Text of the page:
Indie Review: Blocks That Matter (PC)

indie-review-blocks-that-matter-pcTake two French blokes who used to work at Ubisoft, add a dash of Tetris, mix in some great gameplay with platforms and a cute robot that looks like a washing machine, garnish with a hint of Minecraft and serve hot. Is this a recipe for a good game?

Talk to any Retro gamer and he will bang on about gameplay (or the complete lack of it) in many modern games. No matter how hard you try there is no way that flashy graphics and super sound will replace that element that drags you back for one more go. We all tend to look back with a slight rose tint to our nostalgia, forgetting the horrors and basking in the good stuff, and this is a pity as there are lots of new games out there that are simply slopping over with gameplay with hardly a HD cable in sight.

Grated Cheese

Some new games from big developers play it safe by giving punters what their marketing department think they want, and then drowning it all in a bucket of HD colour. Driven by sales and desperate to claw back the huge costs involved, the big boys have to shout the loudest and deliver a package that will set the world alight, even if this means churning out virtually the same game as everyone else. Promises of photo quality, eye watering reality seem to be first and foremost, with gameplay coming in a bit behind. This is like grating cheese on a week old pizza to make it edible, it really doesnt work. What people want is fresh ideas, new direction. Pizza hot from the oven.

The French Connection

There are two blokes from France who dont have to worry about such nonsense, and can take their ideas in any way they choose. Swing Swing Submarine is a small independant developer that you probably have never heard of, headed up by two 'young and stupid French guys' (their words not mine!) Both formerly working for Ubisoft,  have created a game experience that will delight puzzlers and platformers fans alike, but it has strong enough gameplay to keep just about anyone glued to their keyboard.


Blocks that Matter (BTM) is simple enough, the best games usually are. You have to help a little robot navigate an increasingly hostile environment from one point to the next, and then advance to the next level. How you do it is the clever bit. The robot is armed with a drill and has the ability to absorb what it destroys in the form of blocks. Blocks are made of different materials that behave in different ways when used. Using blocks is the key to clearing the stage, as most of the time the exit will be well out of reach. To use blocks you enter 'puzzle' mode, this freezes time and  allows you to place your collected blocks in such a way that will allow you to progress. There are a few rules, you must lay four blocks at  a time, they must touch, no diagonals allowed and the block must touch a part of the level (floor, wall, ceiling etc) This is where the properties of the blocks come in to play. Sand for example cannot support itself so if there is no block underneath, it will fall when you exit puzzle mode, a very useful feature for planning your escape. Monsters known as 'Slimes' appear in later levels adding to the challenges and even changing the gameplay later on as you get frantically chased from one side to the next. There are secrets to find and music to unlock as you progress, I wont ruin things by telling what the secrets are, but they did raise an eyebrow when I uncovered a reference to a certain 'Rockford'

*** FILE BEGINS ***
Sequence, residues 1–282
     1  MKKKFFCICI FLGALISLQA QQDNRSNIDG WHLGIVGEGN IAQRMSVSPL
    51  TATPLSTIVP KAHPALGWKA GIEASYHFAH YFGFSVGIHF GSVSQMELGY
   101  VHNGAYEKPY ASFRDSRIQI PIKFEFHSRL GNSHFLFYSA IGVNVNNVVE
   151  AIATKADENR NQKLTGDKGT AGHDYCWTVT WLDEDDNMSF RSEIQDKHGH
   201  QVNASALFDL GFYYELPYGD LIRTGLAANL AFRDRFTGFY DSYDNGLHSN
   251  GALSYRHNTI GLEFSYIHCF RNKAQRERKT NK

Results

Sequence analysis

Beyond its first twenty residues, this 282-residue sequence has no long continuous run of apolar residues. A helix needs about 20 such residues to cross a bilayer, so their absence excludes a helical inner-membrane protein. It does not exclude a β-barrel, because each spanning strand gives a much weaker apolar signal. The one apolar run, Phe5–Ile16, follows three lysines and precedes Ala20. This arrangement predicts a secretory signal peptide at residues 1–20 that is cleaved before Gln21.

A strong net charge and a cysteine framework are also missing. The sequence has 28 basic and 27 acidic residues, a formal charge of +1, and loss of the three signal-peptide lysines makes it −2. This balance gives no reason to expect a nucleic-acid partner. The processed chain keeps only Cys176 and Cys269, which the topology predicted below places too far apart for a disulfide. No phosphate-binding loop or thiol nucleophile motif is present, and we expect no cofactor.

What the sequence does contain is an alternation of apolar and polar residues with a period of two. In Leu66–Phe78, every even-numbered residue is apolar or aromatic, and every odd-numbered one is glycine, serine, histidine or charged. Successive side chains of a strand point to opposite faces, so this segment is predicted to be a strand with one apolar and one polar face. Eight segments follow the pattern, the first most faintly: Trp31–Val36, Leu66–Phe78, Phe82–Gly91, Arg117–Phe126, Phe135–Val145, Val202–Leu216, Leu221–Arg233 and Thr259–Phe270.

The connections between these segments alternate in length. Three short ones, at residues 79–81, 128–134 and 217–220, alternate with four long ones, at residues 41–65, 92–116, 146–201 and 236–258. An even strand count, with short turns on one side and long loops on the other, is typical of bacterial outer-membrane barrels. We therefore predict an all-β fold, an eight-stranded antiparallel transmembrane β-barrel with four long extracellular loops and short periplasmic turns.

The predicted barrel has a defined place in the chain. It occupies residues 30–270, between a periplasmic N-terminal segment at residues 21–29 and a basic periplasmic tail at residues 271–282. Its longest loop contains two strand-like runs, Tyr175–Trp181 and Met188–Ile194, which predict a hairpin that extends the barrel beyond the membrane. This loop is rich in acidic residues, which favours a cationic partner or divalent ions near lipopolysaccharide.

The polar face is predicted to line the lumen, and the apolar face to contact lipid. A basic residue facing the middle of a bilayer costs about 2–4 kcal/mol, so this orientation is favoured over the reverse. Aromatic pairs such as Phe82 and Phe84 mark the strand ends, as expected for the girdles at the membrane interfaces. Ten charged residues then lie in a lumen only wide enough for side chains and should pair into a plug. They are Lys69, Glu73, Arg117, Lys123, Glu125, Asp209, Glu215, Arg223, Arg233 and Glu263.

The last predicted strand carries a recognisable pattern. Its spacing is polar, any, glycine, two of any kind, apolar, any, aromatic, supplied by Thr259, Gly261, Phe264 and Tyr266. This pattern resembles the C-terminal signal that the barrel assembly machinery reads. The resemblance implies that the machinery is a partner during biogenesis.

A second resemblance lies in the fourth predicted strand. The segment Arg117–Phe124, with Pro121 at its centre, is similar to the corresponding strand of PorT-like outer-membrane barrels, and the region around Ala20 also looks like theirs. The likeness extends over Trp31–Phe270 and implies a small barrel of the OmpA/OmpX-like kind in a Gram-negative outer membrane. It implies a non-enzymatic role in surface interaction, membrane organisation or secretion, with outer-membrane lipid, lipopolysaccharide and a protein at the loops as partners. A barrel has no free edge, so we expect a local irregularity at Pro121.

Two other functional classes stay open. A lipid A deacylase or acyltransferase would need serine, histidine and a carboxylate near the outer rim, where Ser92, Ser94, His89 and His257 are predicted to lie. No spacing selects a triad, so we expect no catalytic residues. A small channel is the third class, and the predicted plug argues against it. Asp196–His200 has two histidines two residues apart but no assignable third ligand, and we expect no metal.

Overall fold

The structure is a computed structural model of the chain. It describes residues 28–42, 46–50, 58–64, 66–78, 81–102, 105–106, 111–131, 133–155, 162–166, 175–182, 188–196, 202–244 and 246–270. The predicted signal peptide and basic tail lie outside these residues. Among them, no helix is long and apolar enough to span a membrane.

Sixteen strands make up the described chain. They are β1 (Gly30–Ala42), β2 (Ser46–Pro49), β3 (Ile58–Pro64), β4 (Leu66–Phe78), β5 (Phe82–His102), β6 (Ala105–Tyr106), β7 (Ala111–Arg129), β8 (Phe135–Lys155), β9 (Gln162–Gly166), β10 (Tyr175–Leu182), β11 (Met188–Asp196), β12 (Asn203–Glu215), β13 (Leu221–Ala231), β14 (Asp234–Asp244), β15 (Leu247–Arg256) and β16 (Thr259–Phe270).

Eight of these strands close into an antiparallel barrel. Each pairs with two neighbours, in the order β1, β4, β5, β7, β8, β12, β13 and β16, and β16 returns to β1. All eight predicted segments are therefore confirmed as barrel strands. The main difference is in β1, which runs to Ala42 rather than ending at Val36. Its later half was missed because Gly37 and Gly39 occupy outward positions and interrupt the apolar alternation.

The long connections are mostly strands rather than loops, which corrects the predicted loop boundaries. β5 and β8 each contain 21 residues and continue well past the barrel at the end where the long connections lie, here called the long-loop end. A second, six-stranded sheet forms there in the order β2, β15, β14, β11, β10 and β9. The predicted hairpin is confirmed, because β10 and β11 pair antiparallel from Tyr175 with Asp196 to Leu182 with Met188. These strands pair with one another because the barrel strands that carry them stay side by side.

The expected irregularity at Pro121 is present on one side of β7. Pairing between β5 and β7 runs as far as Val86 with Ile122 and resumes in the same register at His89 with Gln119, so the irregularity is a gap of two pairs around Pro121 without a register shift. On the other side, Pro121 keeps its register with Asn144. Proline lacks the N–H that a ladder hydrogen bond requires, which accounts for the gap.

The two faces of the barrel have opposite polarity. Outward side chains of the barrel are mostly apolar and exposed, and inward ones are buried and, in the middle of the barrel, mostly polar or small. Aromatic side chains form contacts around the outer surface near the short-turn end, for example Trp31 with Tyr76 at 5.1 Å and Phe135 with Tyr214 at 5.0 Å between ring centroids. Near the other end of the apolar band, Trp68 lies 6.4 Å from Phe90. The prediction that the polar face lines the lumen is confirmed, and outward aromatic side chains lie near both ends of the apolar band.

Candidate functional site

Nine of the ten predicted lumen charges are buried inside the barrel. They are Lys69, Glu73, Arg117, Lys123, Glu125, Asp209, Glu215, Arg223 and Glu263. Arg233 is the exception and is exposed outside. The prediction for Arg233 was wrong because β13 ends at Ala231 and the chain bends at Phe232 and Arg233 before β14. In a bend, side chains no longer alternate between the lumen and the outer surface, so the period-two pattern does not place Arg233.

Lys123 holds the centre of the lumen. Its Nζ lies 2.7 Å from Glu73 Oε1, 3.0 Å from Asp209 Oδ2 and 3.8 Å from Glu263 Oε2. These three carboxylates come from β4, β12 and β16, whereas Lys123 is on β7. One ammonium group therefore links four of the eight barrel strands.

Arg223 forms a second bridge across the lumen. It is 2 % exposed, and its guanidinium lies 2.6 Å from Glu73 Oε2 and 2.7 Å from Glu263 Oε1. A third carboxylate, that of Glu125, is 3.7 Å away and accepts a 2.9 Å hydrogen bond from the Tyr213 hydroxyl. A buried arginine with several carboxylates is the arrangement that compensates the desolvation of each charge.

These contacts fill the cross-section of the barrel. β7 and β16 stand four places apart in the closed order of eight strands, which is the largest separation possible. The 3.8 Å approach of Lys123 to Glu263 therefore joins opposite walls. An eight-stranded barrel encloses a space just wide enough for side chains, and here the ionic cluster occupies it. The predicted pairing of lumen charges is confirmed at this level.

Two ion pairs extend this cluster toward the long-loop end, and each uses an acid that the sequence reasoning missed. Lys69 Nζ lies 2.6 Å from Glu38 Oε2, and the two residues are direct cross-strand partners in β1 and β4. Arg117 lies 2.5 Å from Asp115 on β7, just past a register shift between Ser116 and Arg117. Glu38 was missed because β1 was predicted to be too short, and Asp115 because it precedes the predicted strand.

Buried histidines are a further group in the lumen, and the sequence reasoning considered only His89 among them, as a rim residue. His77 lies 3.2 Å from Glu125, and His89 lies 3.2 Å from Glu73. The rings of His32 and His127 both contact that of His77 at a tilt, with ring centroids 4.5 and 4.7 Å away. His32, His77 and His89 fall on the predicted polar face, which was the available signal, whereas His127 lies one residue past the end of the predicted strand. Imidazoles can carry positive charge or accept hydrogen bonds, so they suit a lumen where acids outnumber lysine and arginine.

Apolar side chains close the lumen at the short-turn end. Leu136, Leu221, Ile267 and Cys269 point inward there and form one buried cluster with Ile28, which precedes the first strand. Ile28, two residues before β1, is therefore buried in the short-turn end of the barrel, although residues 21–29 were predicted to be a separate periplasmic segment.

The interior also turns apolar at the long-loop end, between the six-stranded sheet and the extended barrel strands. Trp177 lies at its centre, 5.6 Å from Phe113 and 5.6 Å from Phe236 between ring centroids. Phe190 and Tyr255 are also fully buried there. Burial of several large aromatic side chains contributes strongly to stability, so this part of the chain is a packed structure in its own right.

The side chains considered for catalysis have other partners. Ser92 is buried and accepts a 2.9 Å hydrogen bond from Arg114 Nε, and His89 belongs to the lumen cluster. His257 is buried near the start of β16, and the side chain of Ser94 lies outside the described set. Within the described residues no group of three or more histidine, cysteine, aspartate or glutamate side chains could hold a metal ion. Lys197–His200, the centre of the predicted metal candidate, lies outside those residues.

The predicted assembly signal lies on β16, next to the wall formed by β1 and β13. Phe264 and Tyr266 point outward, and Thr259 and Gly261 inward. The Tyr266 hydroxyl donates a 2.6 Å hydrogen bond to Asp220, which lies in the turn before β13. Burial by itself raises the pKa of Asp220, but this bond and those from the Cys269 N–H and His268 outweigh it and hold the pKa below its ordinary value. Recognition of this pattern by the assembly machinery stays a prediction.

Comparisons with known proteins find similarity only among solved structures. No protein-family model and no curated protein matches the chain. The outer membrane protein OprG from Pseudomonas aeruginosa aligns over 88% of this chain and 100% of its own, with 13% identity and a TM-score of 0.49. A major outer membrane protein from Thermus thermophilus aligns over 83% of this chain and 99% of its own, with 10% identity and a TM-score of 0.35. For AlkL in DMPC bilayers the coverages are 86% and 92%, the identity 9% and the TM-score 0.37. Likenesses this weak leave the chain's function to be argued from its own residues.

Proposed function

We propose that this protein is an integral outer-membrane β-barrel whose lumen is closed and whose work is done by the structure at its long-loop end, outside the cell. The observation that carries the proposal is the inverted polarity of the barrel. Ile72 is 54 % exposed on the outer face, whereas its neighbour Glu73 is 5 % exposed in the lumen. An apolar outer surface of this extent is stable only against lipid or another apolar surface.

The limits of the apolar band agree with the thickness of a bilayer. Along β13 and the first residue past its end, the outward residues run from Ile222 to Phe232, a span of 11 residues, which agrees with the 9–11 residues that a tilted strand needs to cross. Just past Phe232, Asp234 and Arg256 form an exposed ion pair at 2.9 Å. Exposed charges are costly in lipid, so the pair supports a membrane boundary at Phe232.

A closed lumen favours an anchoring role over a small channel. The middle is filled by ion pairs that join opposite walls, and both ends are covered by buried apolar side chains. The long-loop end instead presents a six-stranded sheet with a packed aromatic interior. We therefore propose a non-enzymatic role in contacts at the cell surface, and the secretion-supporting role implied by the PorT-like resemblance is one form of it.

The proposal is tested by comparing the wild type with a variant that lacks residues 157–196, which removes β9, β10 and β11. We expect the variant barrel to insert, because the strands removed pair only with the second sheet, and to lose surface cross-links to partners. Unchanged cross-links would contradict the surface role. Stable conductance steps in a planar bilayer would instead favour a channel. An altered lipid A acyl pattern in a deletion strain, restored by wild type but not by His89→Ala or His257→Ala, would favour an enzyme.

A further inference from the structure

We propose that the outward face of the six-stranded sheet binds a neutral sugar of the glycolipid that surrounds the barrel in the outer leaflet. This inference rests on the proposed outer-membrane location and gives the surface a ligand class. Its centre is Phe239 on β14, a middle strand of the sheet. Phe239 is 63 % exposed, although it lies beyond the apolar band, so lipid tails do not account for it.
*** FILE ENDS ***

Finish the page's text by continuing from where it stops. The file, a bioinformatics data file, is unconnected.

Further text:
Graphics and Sound

Graphically it is sharp, colourful and full of humor. The robot, known as 'Tetrobot' is well animated, his little legs going like billy-o when you dash, and is visibly damaged including sparks flying when touched by a slime. The environment looks good, each block is instantly recognisable making things easy to understand as you try and work out how to arrange them in puzzle mode to overcome the next obstacle. Sound is nice too, lots of spot effects and a decent soundtrack don't overwhelm or get in the way. 

In Conclusion

BTM is a bit of fresh air, a nod at Minecraft and Tetris that looks good, plays well and has humor enough to raise a smile. An editor is included for you to make your own levels and publish them so others can try your fiendish creations and you can equally be baffled by theirs. All of this adds up to a neat game with lots of nice touches that will have you tearing your hair out, only to see the solution in a forehead slapping moment later.

I have saved the best bit till last. The game is just £3.99 on Steam, so what on earth are you waiting for?

Last Updated ( 26 September 2011 )  


I am the original first generation. I wandered in to an arcade in the late 70’s and never really got over it. I don’t have a favourite system but I do have a lot of favourite games and spend most of my spare time playing and writing about them. On sunny days you could find me outside, but only if my longboard is with me.

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+1 (Link to this comment) Arcturius 2011-09-26 17:34
Stuck this one onto the wishlist for when I have the money again ^^ getting the demo for now though looks fun.
+1 (Link to this comment) Newtype 2011-09-26 19:16
Nice work Page, great review.
Truly brilliant game too, very clever & good fun - scarily addictive!
I urge all puzzlers to get this - well worth the tiny asking price.
(Link to this comment) JoeMD 2011-09-27 10:51
Gonna have to check this out for sure!

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